53. Then he took it down, wrapped it in linen, and laid it in a tomb that was hewn out of the rock, where no one had ever lain before.

Joseph goes to the place of crucifixion and takes down the Lord’s body. Then, he wraps it in linen, the grave clothes of the rich, and lays it in a tomb. Whether he did this all himself, or whether he had servants to help him, we are not told. It was him doing it, regardless. We do know he had Nicodemus to help him, as we are told this in John 19:39. Nicodemus was yet another member of the Sanhedrin, so the Lord did indeed have honorable and powerful men who buried Him.

We learn from Matthew 27:60 that this tomb was Joseph’s own tomb that he had no doubt prepared for himself and his family. Tombs were not for one person at that time, but whole families were buried together in them. Yet hewing this tomb must have been something he did recently, and he was fortunate in that he had not had occasion to use it as of yet. Now he places the Lord as the first resident in it. This was a great way to honor his fallen Lord, as this was practically identifying the Lord as a member of his family.

54. That day was the Preparation, and the Sabbath drew near.

This was still the day of the Passover, which was also the preparation day for the Feast of Unleavened Bread. The Passover would have been the day when all the houses were swept clean from top to bottom to insure that no leaven would be found therein during the upcoming feast. That is why it is here called the Preparation. The next day would have been the first day of the Feast of Unleavened Bread. The first and last day of that feast were always Sabbath days, whether they fell on the weekly Sabbath day or not. This is outlined in Leviticus 23:5-8.

5. On the fourteenth day of the first month at twilight is the LORD’s Passover. 6. And on the fifteenth day of the same month is the Feast of Unleavened Bread to the LORD; seven days you must eat unleavened bread. 7. On the first day you shall have a holy convocation; you shall do no customary work on it. 8. But you shall offer an offering made by fire to the LORD for seven days. The seventh day shall be a holy convocation; you shall do no customary work on it.’”

So the Sabbath mentioned here was not the weekly Sabbath, and the Lord did not die on Friday. In this case, the feast of unleavened bread would have started on Thursday, and the Lord Jesus was crucified on Passover Wednesday. That means He was in the grave three days and three nights, before rising from the dead on Saturday evening or Sunday morning. That is how this would have worked out if the Lord was crucified in AD 29, which we would believe that He was.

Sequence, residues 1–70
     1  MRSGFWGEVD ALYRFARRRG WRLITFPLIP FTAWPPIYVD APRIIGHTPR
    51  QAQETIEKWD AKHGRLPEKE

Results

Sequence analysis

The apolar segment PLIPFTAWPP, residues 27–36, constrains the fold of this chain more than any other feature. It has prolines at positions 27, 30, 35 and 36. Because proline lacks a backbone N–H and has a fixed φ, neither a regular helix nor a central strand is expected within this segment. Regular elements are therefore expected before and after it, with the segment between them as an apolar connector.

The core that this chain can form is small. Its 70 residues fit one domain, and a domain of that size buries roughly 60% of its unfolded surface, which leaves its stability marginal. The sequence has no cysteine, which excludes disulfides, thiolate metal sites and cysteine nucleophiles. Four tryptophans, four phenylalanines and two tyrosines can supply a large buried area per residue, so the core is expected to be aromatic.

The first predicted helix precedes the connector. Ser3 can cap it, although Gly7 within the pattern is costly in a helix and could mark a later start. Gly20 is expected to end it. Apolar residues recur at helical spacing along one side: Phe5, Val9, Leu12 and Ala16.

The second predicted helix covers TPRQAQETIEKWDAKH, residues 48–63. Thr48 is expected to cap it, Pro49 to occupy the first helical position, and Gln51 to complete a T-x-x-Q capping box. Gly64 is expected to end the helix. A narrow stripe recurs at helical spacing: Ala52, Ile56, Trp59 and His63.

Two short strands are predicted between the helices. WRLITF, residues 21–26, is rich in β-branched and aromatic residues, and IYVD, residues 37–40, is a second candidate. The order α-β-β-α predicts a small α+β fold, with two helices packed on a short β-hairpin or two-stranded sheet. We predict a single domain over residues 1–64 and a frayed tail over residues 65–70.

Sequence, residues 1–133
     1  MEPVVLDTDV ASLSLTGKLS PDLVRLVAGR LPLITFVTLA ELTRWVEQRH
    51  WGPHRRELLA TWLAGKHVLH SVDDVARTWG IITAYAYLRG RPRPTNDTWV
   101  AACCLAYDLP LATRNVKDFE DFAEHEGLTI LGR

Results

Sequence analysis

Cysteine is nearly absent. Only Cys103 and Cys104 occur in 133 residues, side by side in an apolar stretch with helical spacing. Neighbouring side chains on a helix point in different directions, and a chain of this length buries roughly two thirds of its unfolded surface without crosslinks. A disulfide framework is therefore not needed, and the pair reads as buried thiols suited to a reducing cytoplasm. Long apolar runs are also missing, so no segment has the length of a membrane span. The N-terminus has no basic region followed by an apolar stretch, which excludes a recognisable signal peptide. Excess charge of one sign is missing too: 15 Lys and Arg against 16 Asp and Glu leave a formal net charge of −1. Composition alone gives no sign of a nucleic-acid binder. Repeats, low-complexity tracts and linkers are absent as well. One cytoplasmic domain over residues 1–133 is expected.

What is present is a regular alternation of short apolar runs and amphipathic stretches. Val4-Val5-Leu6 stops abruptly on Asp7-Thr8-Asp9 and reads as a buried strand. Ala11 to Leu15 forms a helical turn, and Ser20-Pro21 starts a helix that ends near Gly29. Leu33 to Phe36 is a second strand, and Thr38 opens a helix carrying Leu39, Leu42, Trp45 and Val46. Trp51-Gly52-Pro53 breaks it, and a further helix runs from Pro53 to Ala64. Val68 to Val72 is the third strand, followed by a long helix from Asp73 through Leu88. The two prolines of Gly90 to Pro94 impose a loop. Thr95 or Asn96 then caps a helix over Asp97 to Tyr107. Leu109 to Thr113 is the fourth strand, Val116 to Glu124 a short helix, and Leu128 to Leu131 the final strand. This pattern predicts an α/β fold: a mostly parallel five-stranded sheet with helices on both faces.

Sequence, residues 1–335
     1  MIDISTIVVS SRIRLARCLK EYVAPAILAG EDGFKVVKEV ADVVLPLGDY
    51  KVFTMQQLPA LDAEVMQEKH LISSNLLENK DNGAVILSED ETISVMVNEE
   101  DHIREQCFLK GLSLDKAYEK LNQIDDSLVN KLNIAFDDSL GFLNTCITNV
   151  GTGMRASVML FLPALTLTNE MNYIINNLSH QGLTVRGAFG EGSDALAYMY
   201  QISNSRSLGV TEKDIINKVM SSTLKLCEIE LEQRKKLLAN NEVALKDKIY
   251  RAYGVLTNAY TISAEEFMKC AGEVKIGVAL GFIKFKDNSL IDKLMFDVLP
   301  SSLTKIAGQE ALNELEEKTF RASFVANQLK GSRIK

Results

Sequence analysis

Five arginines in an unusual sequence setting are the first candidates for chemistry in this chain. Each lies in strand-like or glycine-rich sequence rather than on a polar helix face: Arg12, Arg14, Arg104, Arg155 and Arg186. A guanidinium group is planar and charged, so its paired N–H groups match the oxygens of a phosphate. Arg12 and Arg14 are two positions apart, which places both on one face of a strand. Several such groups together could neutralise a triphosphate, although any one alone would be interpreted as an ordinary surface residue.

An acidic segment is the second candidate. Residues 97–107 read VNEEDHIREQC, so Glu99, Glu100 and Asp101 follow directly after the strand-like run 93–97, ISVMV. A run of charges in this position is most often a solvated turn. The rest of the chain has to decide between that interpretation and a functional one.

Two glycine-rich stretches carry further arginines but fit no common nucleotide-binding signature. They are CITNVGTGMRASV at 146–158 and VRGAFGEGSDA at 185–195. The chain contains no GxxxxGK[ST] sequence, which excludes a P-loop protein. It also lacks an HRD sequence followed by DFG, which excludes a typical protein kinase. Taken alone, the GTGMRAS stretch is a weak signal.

55. And the women who had come with Him from Galilee followed after, and they observed the tomb and how His body was laid.

We learned of all the women who followed the Lord Jesus in Luke 8:1-3. We even saw that they provided for Him out of their substance. Now, they follow after the party with Joseph that buries the Lord. They see everything that is done, including the tomb that He is laid in, and how it is that He is laid there. Yet in their sorrowful state they apparently do not fully register the rolling of the boulder over the entrance or how difficult that would make the tomb to open later.

56. Then they returned and prepared spices and fragrant oils. And they rested on the Sabbath according to the commandment.

Since verse 54 took place near the end of the day, they would not have had time to prepare these spices and oils before it arrived. Therefore, they must have waited until the day after the Sabbath beginning the feast of unleavened bread. They no doubt rested on the feast Sabbath, or Thursday, prepared the spices and oils on the following day, or Friday, and then rested on the weekly Sabbath, or Saturday. This second, weekly Sabbath is the one referred to here. This takes us through Christ’s three days and three nights in the tomb, as Matthew 12:40 declared.

For as Jonah was three days and three nights in the belly of the great fish, so will the Son of Man be three days and three nights in the heart of the earth.

Yet in spite of this clear statement, the common idea is that He was only in the grave for one full day, parts of two others, and two full nights! Yet the Scripture leaves no room for such stretching of the truth, for when the phrase “three nights” is added to “three days” it indicates full, twenty-four-hour days. No, the Lord Jesus did not die on Friday and stay only one full day in the grave. Rather, He died on Wednesday, and was in the grave three full days and nights, even as He said.